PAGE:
A realization springs to mind: Maybe we make sense of our own lives through others. We gain context. We gain perspective.
We glorify others to have something to aspire to; we vilify others to lessen our own faults.
That’s the thing about other people: They unknowingly allow us to borrow their lives for a few moments, and then they take them back, none the wiser, when we’re done.
And maybe when we borrow them for comparison’s sake, we don’t, as Theodore Roosevelt suggests, suffer a “thief of joy,” but rather, we remind ourselves that joy is a journey.
We remind ourselves that the best times of life aren’t in the past or the future, but in the now, inside the people we are today.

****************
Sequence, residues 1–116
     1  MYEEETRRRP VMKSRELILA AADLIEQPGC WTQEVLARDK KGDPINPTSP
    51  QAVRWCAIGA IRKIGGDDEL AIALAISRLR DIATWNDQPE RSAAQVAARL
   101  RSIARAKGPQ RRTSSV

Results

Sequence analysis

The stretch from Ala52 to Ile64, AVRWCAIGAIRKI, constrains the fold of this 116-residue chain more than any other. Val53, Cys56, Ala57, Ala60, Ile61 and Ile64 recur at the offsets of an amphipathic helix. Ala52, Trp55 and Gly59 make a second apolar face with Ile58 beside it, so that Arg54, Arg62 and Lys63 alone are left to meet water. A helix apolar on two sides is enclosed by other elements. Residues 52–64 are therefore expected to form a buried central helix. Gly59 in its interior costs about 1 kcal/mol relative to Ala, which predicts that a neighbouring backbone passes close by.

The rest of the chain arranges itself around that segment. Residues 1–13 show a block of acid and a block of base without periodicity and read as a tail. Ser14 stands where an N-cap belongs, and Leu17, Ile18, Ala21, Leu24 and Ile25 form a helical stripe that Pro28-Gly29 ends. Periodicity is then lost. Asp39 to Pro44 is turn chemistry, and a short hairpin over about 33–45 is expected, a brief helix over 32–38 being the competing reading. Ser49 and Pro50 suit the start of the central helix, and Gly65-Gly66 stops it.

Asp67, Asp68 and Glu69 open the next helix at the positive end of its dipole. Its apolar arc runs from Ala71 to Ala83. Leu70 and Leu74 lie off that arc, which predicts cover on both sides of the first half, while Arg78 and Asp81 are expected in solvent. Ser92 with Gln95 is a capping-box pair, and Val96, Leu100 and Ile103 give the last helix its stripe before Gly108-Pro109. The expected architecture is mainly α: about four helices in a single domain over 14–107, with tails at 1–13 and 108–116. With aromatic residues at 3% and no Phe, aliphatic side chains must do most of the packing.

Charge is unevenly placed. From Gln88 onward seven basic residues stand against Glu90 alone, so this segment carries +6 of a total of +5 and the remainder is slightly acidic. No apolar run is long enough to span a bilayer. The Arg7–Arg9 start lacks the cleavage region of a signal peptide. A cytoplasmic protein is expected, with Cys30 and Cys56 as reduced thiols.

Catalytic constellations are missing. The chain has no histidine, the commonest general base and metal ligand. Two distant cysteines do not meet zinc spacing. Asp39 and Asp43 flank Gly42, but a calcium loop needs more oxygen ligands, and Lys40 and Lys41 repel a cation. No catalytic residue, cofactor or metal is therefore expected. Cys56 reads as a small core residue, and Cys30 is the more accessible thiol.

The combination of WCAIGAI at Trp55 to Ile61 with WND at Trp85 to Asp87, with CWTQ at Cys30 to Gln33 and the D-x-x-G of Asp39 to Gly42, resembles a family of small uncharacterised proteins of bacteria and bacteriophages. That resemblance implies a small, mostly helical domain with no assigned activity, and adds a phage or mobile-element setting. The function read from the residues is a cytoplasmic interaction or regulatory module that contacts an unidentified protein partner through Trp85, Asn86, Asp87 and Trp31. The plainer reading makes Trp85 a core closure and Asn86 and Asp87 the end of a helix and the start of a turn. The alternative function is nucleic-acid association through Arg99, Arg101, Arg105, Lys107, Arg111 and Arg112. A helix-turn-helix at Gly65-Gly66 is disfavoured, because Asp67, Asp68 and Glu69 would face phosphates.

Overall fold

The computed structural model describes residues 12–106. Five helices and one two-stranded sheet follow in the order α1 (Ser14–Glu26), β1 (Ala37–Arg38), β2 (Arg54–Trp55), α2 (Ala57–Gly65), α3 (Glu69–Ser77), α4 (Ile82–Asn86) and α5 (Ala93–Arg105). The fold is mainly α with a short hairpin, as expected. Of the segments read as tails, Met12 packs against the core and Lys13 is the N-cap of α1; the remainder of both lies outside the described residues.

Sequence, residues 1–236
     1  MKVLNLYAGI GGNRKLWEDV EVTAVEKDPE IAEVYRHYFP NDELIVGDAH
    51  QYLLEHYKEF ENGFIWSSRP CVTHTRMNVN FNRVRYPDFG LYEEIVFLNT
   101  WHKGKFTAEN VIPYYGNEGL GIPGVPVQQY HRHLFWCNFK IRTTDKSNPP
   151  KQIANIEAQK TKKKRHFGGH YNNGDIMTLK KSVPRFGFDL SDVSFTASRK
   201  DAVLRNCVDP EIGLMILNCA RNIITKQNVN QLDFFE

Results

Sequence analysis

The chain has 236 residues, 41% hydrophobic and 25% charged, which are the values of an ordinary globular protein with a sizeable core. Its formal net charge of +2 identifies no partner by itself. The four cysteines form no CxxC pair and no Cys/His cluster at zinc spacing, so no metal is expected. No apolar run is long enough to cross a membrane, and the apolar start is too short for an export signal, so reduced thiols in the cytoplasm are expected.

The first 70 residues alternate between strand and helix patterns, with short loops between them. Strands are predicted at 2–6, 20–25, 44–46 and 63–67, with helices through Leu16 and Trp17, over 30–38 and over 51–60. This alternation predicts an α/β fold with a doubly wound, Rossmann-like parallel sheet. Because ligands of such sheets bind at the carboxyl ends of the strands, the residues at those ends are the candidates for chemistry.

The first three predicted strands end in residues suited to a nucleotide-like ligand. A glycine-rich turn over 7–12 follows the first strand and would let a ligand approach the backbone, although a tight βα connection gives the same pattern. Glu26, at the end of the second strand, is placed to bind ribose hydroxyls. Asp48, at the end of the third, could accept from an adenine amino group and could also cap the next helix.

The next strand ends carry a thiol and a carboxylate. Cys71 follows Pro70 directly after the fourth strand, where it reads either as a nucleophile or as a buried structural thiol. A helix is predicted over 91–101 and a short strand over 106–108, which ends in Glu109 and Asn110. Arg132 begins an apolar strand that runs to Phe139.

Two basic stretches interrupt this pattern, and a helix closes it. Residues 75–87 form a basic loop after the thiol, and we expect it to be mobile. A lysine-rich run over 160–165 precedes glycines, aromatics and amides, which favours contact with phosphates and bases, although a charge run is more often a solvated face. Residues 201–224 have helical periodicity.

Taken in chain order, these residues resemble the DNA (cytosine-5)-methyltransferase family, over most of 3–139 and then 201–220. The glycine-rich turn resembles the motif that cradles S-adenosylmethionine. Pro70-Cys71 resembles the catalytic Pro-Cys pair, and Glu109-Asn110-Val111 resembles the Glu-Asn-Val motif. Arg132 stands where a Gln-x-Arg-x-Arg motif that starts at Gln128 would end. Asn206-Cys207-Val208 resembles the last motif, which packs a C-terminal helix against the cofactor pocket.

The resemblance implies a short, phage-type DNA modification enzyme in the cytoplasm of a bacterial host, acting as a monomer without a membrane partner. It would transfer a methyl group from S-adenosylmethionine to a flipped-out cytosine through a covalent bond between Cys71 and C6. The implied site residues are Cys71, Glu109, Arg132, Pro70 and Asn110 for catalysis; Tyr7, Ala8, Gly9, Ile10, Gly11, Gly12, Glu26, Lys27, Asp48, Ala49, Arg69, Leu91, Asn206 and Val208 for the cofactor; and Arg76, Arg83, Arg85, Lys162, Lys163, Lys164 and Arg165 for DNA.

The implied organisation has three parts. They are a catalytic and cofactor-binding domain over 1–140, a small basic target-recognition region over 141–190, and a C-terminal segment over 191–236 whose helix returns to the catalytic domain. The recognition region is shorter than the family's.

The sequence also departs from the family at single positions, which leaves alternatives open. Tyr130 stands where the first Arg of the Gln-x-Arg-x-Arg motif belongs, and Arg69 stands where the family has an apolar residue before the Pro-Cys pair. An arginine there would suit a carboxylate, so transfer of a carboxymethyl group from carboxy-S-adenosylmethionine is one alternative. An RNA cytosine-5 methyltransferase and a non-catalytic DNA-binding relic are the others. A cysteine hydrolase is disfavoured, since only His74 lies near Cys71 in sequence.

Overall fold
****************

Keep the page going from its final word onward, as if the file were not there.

Besides, how do we know where we are without context? Is there a poet alive who hasn’t read Maya Angelou? A rocker on the planet who hasn’t crooned to Elvis?
We don’t compare to shame ourselves. We compare to continue our journeys down the brightest paths.
We can buy working girl suits, use expressions like “word” or do whatever feels like the best version of us.
And right now, I can coach, write and help people. I can create work that means something to me.
I leave the coffee shop and head to my coaching meeting. My client greets me with a smile. “Happy almost June, right?”
Yes, she is right.
Today, I choose not to say the year is half over, but that I have a half-year left. I get home, dig into my handbag abyss, and write “six more months” on my to-do list.
I punctuate the statement with a red exclamation point. This time, not for urgency, but for excitement. ( ! )